Staff at the Smithsonian National Zoological Park (SNZ) in Washington D.C. are very busy providing around-the-clock care for two tiny panda cubs born earlier this week.

Giant pandas give birth to twins about 50 percent of the time, and only three pairs of twins have ever been born in the United States. It's risky business, so the zoo opted to partially hand-rear the pair to give the newborns the best chance of survival.

After a long first night, we're happy to report the twins are doing well. And for your viewing pleasure, SNZ has released the unbearably cute video of one cub's first check-up.

The panda team will alternately swap the cubs, allowing one to nurse and spend time with mother Mei Xiang, while the other is being bottle-fed and kept warm in an incubator. With the babies weighing in at just 86 and 132 grams respectively, it's imperative that both get ample attention.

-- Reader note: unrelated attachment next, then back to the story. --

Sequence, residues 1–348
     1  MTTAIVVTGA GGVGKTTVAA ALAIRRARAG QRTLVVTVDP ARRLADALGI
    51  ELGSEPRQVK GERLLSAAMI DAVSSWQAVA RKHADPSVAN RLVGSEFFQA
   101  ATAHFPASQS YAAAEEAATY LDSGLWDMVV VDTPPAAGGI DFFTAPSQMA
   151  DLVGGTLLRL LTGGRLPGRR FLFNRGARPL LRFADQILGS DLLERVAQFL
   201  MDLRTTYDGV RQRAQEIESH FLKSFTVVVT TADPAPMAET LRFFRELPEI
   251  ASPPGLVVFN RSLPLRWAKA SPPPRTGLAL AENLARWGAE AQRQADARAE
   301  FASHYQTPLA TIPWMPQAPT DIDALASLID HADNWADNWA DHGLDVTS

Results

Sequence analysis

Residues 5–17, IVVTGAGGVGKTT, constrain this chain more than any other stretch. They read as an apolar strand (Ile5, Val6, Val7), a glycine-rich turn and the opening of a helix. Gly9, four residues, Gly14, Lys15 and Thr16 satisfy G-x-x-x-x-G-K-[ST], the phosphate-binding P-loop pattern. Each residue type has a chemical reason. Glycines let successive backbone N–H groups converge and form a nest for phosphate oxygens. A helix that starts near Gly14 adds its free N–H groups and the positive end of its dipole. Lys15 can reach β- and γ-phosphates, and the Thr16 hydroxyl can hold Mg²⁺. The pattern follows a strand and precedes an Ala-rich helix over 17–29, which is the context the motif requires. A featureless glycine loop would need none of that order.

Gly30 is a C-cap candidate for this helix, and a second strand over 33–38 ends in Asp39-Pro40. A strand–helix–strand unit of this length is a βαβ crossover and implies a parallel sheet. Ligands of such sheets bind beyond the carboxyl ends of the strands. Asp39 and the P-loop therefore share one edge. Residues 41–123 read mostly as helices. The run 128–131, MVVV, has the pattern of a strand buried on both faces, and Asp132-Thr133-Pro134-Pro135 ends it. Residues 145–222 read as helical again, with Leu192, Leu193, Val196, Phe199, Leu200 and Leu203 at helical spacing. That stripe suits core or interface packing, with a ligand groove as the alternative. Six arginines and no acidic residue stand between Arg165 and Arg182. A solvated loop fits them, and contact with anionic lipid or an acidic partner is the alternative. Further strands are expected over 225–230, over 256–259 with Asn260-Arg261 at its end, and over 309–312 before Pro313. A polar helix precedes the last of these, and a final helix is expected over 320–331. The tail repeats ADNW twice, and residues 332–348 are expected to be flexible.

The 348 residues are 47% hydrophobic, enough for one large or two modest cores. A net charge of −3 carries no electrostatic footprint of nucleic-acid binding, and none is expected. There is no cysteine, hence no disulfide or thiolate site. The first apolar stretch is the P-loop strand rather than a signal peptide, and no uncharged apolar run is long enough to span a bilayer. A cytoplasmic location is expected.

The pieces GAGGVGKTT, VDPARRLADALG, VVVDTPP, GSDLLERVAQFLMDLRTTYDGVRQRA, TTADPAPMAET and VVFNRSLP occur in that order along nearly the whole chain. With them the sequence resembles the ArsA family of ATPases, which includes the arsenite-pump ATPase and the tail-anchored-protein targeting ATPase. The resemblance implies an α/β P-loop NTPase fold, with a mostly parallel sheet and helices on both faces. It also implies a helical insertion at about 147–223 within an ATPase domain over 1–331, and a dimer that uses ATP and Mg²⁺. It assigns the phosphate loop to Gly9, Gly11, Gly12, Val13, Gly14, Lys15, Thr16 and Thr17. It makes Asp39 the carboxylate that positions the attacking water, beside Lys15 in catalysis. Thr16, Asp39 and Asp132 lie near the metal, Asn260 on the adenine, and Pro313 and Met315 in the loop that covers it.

"There are only two other female giant pandas who have successfully reared twins and it required a lot of human support," the team explains. "The cubs are doing well but the panda team had a challenging night."

When keepers initially tried to swap the cubs, Mei Xiang would not set down the baby she had in her possession. Rather than force the exchange on the tired mother, cub number two was kept in the nursery overnight for bottle and tube feedings. 

"Our goal is for each cub to spend an equal amount of time with their mother," says the team. "The newborn cubs are vulnerable and this first week is incredibly important. Our concern now is whether Mei Xiang will allow the panda team to consistently swap the cubs. [But we've] developed a few different strategies and will continue to try different methods of swapping and hand-rearing. A lot will be dictated by Mei Xiang."

Check out footage of the first cub being born:

And five hours later, twin number two!